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The Sporty Game: The High-Risk Competitive Business of Making and Selling Commercial Airliners - John Newhouse Publisher:

Alfred A. Knopf; 1st edition (July 12, 1982) Contents: 1. High Risks, Sinking Fortunes 2. A hole in the market 3. Boeing Against Europe 4. How the Game is played 5. Comfort Convenience and Safety 6. Bigger Is Better 7. The companies 8. The competition 9. The Wages of Excess 10. Industrial Realpolitik 11. The American Disease
Summary: Includes Notes and Index

Chapter 1: High Risks, Sinking Fortunes

In the 1960s the technology gap between the United States and the rest of industrialized world has vanished, the patent awards related to the industrial technology increased sharply in Europe and Japon far more so in the United States. The American corporations have become less innovative and less productive than many of their foreign competitors who outperform them in many in a variety of industries. European and Japanese export industries were not fully competitive technologically with America's, but they could rely on financial support from their commercial banks, which were highly responsive to the export policies of their governments. Many American exporters had serious difficulties in the capital markets, in spite of fact that the American aircraft suppliers had no the problems in accessing the capital because they hold the major share of the world market. The sales in the foreign markets of jet transports and engines were relied upon to relieve pressure on America's economy arising from deficits in its international account, because the sales of these airplanes abroad had for many years earned more foreign exchange than any other US export. The Americans were worried that the national asset, the commercial airplane industry, was threatened by the Airbus consortium consisted of several government controlled companies particularly the French, West German and British. French, German and British governments announced their plans to build a European aircraft. The aim was to challenge American domination of the aviation industry. There was a strong possibility that the Airbus Industrie if it was sustained to drive one of the two remaining American competitors, McDonnell Douglas from the commercial market and in its extreme form the concern was that Airbus Industrie could threaten even the Boeing in its role of major supplier of airliners to the world market.

The a market that was growing most rapidly in Asia, Middle East and Latin America regions where no one supplier had a reliable competitive advantage. The Americans and the Europeans were worried about which side the Japanese would choose as the partner when they would decide to broaden their modest, but growing airplane-building capacity. The transatlantic competition in commercial aircraft set up realized tendencies. For example, each sides industry was working to protect its domestic market from the others competitive wares and tried to obtain the largest possible share of the Third World Market. But for practical reason; each side was also blurring these tendencies by acquiring components of the others industry as partner and subcontractors because the idea was that an airplane that is multinational in its parts and fabrication offers the seller political advantages in the world market. A fierce competition for risk-sharing partners and subcontractors was on the way and governments became involved in the airliner business. During the past thirty years the United States became one the major growth industries but also an especially vulnerable one because of the cyclical shock. The volatility of the airlines finances as reflected in theirs earning and stock prices. In the early 1960s the average price of airline of the airline stock was a litter over $5, by the 1966 it had soared to $47, but in the 1970 was fallen by 75 percent to $13. The both carriers Boeing and McDonnell Douglas and their major suppliers were launched too many different wide-bodies airplanes for the market which was very small. The Boeing Company and Lockheed Aircraft Corporation were dragged in the new programs to the edge of financial ruin and collapse. The McDonnell Douglas Corporation had less severe problem but its own wide-body, the DC-10 gradually became a problem which proved to be painful for the company reputation The dramatic rise in the fuel prices that began after the Yom Kippur War in October 1973 had an impact on both the airlines and the suppliers. The effect had been raising the airlines direct operating expenses represented by fuel cost. For example in 1973 the cost of their fuel to the airlines was eleven cents per gallon and amounted to about 20 percent of their direct operating costs. By the 1981 the cost per gallon of kerojet was about a dollar per gallon and amounted to nearly 40 percent of their direct operating costs. The most carriers had a preference for long distance express over the local.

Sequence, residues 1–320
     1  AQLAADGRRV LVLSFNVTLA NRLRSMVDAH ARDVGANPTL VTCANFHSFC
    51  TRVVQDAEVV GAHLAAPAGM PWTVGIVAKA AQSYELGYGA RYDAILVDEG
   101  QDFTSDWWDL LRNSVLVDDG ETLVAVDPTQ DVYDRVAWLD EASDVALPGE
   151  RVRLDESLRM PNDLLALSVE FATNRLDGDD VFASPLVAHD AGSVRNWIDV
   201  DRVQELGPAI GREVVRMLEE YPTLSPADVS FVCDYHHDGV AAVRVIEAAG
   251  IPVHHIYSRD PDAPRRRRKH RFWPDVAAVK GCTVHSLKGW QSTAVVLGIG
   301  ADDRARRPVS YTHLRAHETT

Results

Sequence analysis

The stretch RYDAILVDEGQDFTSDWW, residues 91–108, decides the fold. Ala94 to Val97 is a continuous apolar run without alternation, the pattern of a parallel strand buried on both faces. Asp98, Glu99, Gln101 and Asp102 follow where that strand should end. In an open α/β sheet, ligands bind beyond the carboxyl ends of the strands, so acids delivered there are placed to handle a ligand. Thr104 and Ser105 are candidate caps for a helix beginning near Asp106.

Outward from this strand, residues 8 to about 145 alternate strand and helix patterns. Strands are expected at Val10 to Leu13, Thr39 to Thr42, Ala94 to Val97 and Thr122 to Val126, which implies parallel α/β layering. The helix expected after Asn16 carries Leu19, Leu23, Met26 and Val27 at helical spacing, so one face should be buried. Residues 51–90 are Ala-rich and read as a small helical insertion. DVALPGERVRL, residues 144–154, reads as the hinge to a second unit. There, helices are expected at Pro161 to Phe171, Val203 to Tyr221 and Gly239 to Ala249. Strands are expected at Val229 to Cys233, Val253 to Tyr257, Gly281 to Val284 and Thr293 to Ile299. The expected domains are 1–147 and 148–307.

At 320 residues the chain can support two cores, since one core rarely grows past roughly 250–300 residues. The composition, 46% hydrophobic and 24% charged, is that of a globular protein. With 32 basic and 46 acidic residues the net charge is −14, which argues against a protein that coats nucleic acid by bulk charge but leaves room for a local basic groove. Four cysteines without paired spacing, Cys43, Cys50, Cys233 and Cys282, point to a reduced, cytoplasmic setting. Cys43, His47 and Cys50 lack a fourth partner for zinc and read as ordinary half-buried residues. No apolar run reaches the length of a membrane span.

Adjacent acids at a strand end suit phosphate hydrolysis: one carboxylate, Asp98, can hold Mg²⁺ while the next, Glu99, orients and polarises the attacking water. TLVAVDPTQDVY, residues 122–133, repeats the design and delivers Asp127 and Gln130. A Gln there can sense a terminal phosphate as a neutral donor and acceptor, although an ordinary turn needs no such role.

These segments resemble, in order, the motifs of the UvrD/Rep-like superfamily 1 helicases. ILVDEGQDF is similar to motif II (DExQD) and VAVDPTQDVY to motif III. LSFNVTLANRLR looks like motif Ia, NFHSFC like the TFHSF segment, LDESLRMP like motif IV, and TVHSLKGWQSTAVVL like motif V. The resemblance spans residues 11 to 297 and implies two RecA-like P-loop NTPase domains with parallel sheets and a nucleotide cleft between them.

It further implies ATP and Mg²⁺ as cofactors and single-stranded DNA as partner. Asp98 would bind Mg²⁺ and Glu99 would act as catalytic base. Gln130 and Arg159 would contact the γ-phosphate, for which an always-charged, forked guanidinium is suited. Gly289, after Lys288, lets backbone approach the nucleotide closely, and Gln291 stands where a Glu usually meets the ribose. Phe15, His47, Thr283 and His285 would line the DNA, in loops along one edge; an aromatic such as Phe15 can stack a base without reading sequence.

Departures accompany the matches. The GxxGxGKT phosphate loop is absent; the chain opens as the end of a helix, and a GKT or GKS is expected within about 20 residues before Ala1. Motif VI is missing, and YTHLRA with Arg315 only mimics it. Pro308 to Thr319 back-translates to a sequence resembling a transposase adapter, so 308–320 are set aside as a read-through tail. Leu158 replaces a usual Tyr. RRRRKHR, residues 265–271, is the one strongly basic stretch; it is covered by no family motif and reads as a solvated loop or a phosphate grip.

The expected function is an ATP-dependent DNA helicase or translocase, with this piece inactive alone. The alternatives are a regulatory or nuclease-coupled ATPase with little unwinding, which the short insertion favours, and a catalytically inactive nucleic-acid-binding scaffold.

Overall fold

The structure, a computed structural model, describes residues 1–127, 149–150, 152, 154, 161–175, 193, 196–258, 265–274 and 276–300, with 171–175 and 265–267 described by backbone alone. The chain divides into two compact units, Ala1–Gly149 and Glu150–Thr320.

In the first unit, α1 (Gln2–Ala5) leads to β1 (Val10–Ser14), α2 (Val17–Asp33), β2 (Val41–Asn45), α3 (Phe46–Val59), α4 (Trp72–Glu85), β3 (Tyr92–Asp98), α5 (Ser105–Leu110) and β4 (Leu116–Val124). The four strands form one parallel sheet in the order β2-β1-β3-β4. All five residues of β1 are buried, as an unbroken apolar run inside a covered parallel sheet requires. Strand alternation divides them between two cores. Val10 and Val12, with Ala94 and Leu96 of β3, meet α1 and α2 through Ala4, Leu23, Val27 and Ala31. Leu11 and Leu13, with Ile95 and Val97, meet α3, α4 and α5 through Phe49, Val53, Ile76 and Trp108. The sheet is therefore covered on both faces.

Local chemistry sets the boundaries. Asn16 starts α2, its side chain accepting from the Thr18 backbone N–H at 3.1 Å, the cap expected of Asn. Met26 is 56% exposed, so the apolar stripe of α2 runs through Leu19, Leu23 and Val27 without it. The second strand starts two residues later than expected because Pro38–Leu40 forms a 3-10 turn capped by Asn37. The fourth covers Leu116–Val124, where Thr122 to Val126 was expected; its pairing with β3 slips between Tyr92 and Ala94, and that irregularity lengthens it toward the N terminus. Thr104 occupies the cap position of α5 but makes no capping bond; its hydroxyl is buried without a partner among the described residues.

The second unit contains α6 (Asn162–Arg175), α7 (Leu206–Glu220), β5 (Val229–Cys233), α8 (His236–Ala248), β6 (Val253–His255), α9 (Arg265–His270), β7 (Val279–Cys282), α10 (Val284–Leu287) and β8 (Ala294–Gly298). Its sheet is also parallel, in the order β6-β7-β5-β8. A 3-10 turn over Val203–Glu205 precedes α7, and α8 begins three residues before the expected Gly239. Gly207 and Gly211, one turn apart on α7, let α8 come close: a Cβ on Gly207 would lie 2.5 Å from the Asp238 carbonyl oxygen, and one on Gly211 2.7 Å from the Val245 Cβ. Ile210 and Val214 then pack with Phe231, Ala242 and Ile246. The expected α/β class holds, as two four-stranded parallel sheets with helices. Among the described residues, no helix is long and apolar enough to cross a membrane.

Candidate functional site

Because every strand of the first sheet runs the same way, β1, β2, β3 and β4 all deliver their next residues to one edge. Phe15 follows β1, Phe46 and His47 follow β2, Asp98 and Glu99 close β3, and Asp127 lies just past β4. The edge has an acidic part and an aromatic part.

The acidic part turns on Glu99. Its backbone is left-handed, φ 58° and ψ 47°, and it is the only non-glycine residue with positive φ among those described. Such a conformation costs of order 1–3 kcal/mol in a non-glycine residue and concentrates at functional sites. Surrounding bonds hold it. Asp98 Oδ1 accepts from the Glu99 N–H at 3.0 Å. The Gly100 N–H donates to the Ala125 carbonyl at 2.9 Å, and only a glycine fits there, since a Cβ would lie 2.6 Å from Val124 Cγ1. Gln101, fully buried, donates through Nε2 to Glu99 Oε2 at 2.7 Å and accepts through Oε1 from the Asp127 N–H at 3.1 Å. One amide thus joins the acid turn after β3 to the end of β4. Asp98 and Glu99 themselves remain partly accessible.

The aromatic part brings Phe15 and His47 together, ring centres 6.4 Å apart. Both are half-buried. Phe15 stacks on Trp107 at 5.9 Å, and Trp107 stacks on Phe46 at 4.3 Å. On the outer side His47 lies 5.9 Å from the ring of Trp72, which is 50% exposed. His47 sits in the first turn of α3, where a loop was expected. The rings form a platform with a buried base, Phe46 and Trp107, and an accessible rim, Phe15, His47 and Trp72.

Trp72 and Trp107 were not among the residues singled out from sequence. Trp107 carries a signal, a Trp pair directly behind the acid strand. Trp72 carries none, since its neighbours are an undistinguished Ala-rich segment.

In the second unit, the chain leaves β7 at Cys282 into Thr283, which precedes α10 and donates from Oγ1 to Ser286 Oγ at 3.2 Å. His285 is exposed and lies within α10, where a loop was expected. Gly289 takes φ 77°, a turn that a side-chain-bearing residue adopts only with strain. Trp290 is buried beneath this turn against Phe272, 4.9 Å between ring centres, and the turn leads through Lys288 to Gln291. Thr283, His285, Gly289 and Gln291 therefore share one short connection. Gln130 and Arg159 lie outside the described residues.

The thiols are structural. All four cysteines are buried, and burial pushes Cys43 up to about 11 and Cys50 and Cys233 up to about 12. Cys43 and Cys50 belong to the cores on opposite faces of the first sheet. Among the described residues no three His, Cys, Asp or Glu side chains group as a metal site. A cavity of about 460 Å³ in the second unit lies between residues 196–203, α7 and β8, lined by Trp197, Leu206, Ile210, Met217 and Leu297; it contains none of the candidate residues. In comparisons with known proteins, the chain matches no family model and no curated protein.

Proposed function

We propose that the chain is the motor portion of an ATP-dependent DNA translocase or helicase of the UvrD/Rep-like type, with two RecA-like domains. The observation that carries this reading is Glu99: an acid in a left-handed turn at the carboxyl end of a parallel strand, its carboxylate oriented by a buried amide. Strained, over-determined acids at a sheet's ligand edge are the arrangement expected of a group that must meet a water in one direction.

The Airline Deregulation Act is a United States federal law signed into law on October 24, 1978. The main purpose of the act was to remove government control over fares, routes and market entry (of new airlines) from commercial aviation. The Civil Aeronautics Board's powers of regulation were to be phased out, eventually allowing passengers to be exposed to market forces in the airline industry. The big airlines by and large were not comfortable with liberation and there were sharp difference in opinion on the pros and cons of the deregulation within the senior management of some airline.

Chapter 2 - A hole in the market

During World War II aircraft industry found that it could forecast production costs and labor time by relating them to the certain benefits of repetition. The emerged the rule that with every doubling of number of airplanes produced, a 20 percent reduction of direct labor was achieved.